Marisa Moyers, RN (T.C. Thompson Children’s Hospital):
Our hospital recently went to one of our regional facilities and conducted a mock code. For those of you who may not know what this is, we actually take a “mom” with a pediatric patient mannequin and go into an ED where the “mom” states that something is wrong with the child. When they see the child/infant mannequin, we tell the health care providers in the ED that this is a mock code and they need to proceed as if this patient has an actual emergency. Our CRPC takes at least one nurse and one physician, and we also ask the person acting as the mom to observe for family-centered care issues.
The mock code went very well at this particular facility and, at the end; we discussed the actions that had occurred during the “code.” We provided feedback and learning points to the nursing and medical staff present. They said they were so glad it was over but they felt that they had learned from the exercise.
I received a call the next day from the emergency department director at the facility where we had the mock drill. She stated that within one hour of our departure they had a pediatric patient come into the emergency room in respiratory arrest. She said the staff attended to the patient immediately and worked so well together as a team. She wanted to tell me that after they had stabilized and transferred the patient they were all discussing the value of the mock code, and that it prepared them for the real thing later on. She said the staff verbalized that even though going through the mock code was stressful it really made a difference in the way they were able to care for the child. The staff also said they would like to have practice drills on their own at least once every month so that they would always be prepared.
I immediately called all of the staff that had been involved in the drill the day before to let them know what a difference we had made in the life of a child. We recognize that pediatric education provided to our regional facilities through each CRPC has a direct impact on children in the state of Tennessee. We are proud to partner with them in this endeavor. When we receive calls from our regional facilities like the one above it makes our day.
Lee Blair RN, CEN, EMT-P (Monroe Carell Jr. Children’s Hospital at Vanderbilt)
Travelling to area EMS and hospitals to provide education on the scariest patients – kids – is exciting to say the least; but when we receive a call the next day telling us how grateful they are for our help in making them more comfortable managing pediatrics, that is truly exhilarating! Even more gratifying was a call we received after a recent in-service – paramedics reported to us that the skills they had practiced in our class were tested the very next day in the field, and they were able to save a child’s life.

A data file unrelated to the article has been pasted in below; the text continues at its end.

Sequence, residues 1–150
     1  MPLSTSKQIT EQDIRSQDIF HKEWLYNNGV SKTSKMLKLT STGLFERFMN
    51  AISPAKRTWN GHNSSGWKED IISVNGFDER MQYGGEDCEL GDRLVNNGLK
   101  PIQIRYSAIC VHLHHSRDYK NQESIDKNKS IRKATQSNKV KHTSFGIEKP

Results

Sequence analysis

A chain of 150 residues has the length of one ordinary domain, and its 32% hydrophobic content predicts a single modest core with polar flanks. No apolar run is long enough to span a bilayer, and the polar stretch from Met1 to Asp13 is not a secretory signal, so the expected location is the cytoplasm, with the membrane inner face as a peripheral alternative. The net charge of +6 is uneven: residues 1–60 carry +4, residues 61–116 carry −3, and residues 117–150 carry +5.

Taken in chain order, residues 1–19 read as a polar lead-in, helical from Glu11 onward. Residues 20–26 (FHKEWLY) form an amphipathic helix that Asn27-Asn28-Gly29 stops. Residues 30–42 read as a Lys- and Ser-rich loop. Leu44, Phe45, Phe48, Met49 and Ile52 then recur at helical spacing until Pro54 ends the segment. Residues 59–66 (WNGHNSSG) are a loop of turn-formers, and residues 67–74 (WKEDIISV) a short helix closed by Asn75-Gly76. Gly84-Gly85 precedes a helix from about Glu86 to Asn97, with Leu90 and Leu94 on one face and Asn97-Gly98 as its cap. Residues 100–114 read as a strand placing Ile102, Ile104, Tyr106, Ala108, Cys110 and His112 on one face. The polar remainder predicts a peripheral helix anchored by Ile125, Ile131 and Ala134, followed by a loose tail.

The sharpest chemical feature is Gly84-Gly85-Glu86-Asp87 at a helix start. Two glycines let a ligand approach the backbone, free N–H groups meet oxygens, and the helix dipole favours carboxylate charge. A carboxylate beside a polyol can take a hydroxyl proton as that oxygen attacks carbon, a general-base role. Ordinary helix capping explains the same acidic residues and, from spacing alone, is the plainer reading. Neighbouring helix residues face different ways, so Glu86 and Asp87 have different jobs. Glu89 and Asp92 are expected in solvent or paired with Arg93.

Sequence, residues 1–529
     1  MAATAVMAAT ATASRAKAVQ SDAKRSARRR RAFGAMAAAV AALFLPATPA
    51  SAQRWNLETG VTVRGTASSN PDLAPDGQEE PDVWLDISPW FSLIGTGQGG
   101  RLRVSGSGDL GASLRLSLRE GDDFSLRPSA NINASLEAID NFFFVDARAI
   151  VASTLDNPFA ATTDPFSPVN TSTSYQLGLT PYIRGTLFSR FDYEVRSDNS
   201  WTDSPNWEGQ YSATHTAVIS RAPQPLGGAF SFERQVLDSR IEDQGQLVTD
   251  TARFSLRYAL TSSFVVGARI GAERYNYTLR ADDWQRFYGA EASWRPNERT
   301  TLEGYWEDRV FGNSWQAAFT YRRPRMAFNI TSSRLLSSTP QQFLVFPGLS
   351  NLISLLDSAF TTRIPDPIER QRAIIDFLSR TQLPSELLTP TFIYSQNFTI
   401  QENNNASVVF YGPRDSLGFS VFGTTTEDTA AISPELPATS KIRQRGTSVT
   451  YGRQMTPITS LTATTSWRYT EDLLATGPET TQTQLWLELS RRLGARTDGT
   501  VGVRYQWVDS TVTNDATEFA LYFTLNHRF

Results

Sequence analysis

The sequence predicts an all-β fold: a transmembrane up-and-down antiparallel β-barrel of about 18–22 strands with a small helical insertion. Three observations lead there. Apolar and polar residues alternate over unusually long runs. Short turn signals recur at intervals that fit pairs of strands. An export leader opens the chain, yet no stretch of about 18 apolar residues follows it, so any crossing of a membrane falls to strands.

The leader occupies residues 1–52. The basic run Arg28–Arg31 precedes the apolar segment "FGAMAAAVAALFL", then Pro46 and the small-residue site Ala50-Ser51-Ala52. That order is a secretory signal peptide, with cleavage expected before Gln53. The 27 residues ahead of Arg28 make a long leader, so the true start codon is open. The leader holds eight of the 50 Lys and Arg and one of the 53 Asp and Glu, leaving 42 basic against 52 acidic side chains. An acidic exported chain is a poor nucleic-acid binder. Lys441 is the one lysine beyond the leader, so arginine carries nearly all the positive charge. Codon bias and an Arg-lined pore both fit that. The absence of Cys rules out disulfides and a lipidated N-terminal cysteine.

The day after our class, this EMS crew was called to transfer a pediatric patient. The patient was an 18 month old toddler who had presented to the originating emergency department with a recent history of respiratory complications that had become progressively worse over the past 24 hours. Because of his worsening condition, the decision was made to transfer to a higher level of care. Upon examination, these pre-hospital providers quickly determined that the child was in respiratory failure and that his heart rate was decreasing. The Emergency Department and EMS crew aggressively tried to stabilize the child without success and the patient had to be transferred. The EMS crew had a First Responder drive the ambulance so both paramedics could work together to manage this patient in the back. During transport the patient’s heart rate continued to decline to the point where chest compressions needed to be initiated and respirations were assisted with bag-valve mask.
Once the crew arrived at the receiving hospital, the airway was secured with an endotracheal tube and the child’s heart rate increased with ventilation to within normal range. The patient was then transferred by helicopter to Monroe Carell Jr. Children’s Hospital at Vanderbilt where he recovered and was discharged a couple days later.
This EMS crew recognized that their pediatric patient was in respiratory failure and appropriately managed him, saving his life. We telephoned to offer praise and congratulations for their success; they thanked us for being there the day before and helping them feel less fearful and more capable of caring effectively for an ailing pediatric patient.
Sherry Love RN, BSN, CEN (Clinical Manager of Trauma Bristol Regional Medical Center Trauma Services)
Our regional CRPC helped bring the Emergency Nurse Pediatric Course to the Tri Cities. We have long desired to have this course in our region. This course prepares nurses to care for all pediatric emergency room patients with both medical and trauma related conditions. Every emergency room nurse should complete this course.
Both the logistics of trying to get personnel to off site classes, as well as associated costs with travel has made it difficult to bring the course to our area. Fortunately through the CRPC’s willingness to come to us we now have the course available in all three trauma centers in our region. Thank you!
Nancy Daniel, ER Nurse Manager
I took an EMSC, PALS and PALS Instructor class years ago (approx. 10 yrs.) with you and your group in Nashville that was great (3-day course). My facility received a fully stocked Broselow chart and teaching aids such as manikins, simulator, intraosseous needles and manikin, intubation head and much more needed equipment. I just wanted you to know we are still using all of the tools you supplied us. Rural hospitals have a hard time obtaining much needed equipment and classes due to size and finances. Thank you again for your support and effort for our hospital.